This was the philosophy Edwards would end up taking into his first film, but there was one more crucial realization he would have to come to terms with before he went into production. “I found that what happened was that this fear of failure, that puts you off from doing something, that chases you through your life, is sort of met head on with this bigger fear of having never tried. There’s a certain point where the two meet, and it feels like if I don’t do this now, I’m never going to do it.”
“The worst thing to ever happen to storytelling is the written word.”
His idea was to take everything he learned from visual effects and apply it to a professional short, just like Spielberg had made. For Edwards, it ended up being the most liberating thing he’d done in his entire life. “You spend forever doing this boring laborious crap with VFX, and then suddenly, you’re given a camera and it’s the most amazing thing. If you’ve got a camera and you make a mistake in composition, you’ve wasted just like five seconds. If you make a mistake on the computer when you’re doing visual effects, you’ve wasted at least a day. It’s a very painful way of learning composition.”
For his first feature, Monsters, from the very beginning, there was one pitfall he knew he wanted to avoid. “The worst thing to ever happen to storytelling is the written word. What used to happen down the ages was that you would tell someone the story, they would remember all the exciting bits and leave the boring bits out. Then they’d go tell someone else and add a little thing that they thought was cool. And this would happen over and over, and the story would become better and better and better until it was exactly the story that everyone wanted to hear.”
Edwards wanted to keep things organic, so he employed an interesting and adaptable screenwriting method. “We wrote all the physical things that happened to the characters in black ink and all the emotional things that happened in blue ink. We drove around Mexico, Belize, Guatemala, and Texas with the actors and everywhere we went we asked, ‘What’s visually interesting here?’ We would go there and would look through what physical thing would happen and we would write that and what emotional moment would happen. We figured it out as we went.”
Another key thing he learned in traveling around with actors was that “all they wanted was a scene that was like a void.” “If they’re like Evil Knievel and the scene is the Grand Canyon gap, all we have to do is build a ramp,” he explained. “We have to give them a trajectory into the scene that can launch them and they can take care of the rest.” What this analogy boils down to is giving your actors the backstory, why they’re there, what they’re trying to do, what they’re not trying to do and then leaving the scenes alone and letting them do their thing.
Even though it was unfinished, Edwards entered Monsters into nearly every major film festival, only to be denied by virtually every single one of them. This was, perhaps, in no small part due to the fact that where the VFX monsters were supposed to be, there was placeholder text describing an action like “monsters attack here.” SXSW, however, decided to take a chance.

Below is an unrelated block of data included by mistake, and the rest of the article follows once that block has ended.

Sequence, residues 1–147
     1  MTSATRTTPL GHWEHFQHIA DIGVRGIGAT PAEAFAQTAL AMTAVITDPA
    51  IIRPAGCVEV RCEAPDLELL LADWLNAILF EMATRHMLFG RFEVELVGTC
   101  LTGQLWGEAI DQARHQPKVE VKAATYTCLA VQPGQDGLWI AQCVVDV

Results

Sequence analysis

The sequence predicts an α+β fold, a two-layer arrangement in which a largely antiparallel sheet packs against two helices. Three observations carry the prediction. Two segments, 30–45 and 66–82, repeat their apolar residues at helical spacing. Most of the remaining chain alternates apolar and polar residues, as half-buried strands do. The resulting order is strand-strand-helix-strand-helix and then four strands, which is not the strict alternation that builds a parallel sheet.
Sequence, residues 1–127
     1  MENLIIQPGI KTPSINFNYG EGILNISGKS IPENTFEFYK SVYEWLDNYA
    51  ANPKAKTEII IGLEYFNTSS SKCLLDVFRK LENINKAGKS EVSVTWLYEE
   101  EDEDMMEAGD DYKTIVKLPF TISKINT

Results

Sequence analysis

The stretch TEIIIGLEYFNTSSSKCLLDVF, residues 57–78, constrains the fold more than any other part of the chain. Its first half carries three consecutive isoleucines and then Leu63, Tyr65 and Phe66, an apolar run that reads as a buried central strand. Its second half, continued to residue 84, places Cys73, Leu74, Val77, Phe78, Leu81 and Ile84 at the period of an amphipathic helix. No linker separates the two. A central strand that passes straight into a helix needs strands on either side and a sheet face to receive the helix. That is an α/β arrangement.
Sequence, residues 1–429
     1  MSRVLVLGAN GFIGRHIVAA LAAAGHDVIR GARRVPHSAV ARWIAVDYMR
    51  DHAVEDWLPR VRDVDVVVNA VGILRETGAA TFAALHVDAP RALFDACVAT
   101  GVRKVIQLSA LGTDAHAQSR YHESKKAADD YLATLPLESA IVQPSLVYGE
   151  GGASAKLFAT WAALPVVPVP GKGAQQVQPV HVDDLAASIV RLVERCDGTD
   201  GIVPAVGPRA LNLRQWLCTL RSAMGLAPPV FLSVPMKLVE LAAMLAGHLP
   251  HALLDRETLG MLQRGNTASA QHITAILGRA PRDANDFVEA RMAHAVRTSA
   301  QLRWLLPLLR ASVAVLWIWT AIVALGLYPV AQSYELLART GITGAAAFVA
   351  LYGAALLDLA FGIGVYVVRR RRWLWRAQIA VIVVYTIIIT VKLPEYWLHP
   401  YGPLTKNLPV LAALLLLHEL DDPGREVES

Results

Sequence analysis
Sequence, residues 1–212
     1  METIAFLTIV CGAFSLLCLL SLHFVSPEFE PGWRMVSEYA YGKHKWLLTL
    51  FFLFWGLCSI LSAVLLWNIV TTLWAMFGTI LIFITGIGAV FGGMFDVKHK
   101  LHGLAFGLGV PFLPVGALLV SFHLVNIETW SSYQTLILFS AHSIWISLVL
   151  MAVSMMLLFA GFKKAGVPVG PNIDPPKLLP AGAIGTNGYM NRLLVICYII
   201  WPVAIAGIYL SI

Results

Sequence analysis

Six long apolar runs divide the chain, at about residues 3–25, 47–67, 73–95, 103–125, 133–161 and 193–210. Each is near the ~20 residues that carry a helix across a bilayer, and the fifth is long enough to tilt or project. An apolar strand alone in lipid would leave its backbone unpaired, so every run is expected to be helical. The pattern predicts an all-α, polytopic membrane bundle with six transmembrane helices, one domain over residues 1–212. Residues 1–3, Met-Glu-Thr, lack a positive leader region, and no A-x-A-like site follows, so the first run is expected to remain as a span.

“The promise of digital technology is that it’s not really about being able to create spaceships and robots and dinosaurs. It’s that everyone can now afford to make a film. Everyone can have a voice.”
Edwards took a minute to describe a meeting he had with Alamo Drafthouse founder Tim League prior to the premiere of his film at the festival. “Did you change the text?” League asked. To which Edwards responded, “Ya, ya, ya, ya don’t worry, don’t worry. It’s a much better font now.”
Of course, Edwards had finished the film and the result was a massive success. He was scooped up days later while still in Austin by an agent who represents directors like Quentin Tarantino, Wes Craven, and Tim Burton. From there, it was off to Hollywood for a series of screenings and meetings to attract buyers for the film.
In two weeks, he had meetings with over one hundred people. As Edwards tells it, these meetings were all quite similar. There was a senior and a junior producer. The junior would always be the one to ask about the film, while the senior would be on his Blackberry scrolling through emails and nodding along inattentively.
As he entered what would be his final meeting, Edwards strolled through the halls of Legendary Studios, unaware that his childhood dream was about to come to fruition. “What are you doing the rest of the week?” the producer asked. “I told him I had some meetings and screenings and such. He told me to cancel them all. ‘You never need to have another meeting,’ he told me. ‘From now on, you’re making all your movies at Legendary.’ And I just started crying. It was really embarrassing, but I couldn’t stop it. All my life, I’ve been waiting for someone like him to say something like that and I didn’t realize how much it was going to impact when it came.”
Edwards had finally reached his Spielberg moment, it just took a different path to get there. He recognized a need in the filmmaking community, did everything he could to master the visual effects skills necessary, and no matter how many people wouldn’t take him seriously as a director, he never gave up on the job he knew he deserved to have. “If there’s a point to all this,” he concludes, “the promise of digital technology is that it’s not really about being able to create spaceships and robots and dinosaurs. It’s that everyone can now afford to make a film. Everyone can have a voice.”
“Digital technology is allowing kids at home to do amazing stuff…I think it’s never been a better time to be a filmmaker.”
There is no reason you can’t be the next Gareth Edwards. These days, there is even more room for aspiring directors to take advantage of tools the way Edwards did back in the nineties. It all comes down to recognizing the trends and teaching yourself skills that make you valuable as a creator.
“There is definitely a gap that’s growing between high-budget filmmaking and low-budget filmmaking with this void happening in between,” Edwards explains. “Even from ten years ago, the difference between a 200 million dollar movie and how that looks, and a 1 million dollar movie and how that looks, is getting narrower and narrower. Digital technology is allowing kids at home to do amazing stuff. So somewhere between that gap, something’s gotta give. I don’t know what that is, nobody knows what it is. But I think it’s never been a better time to be a filmmaker.”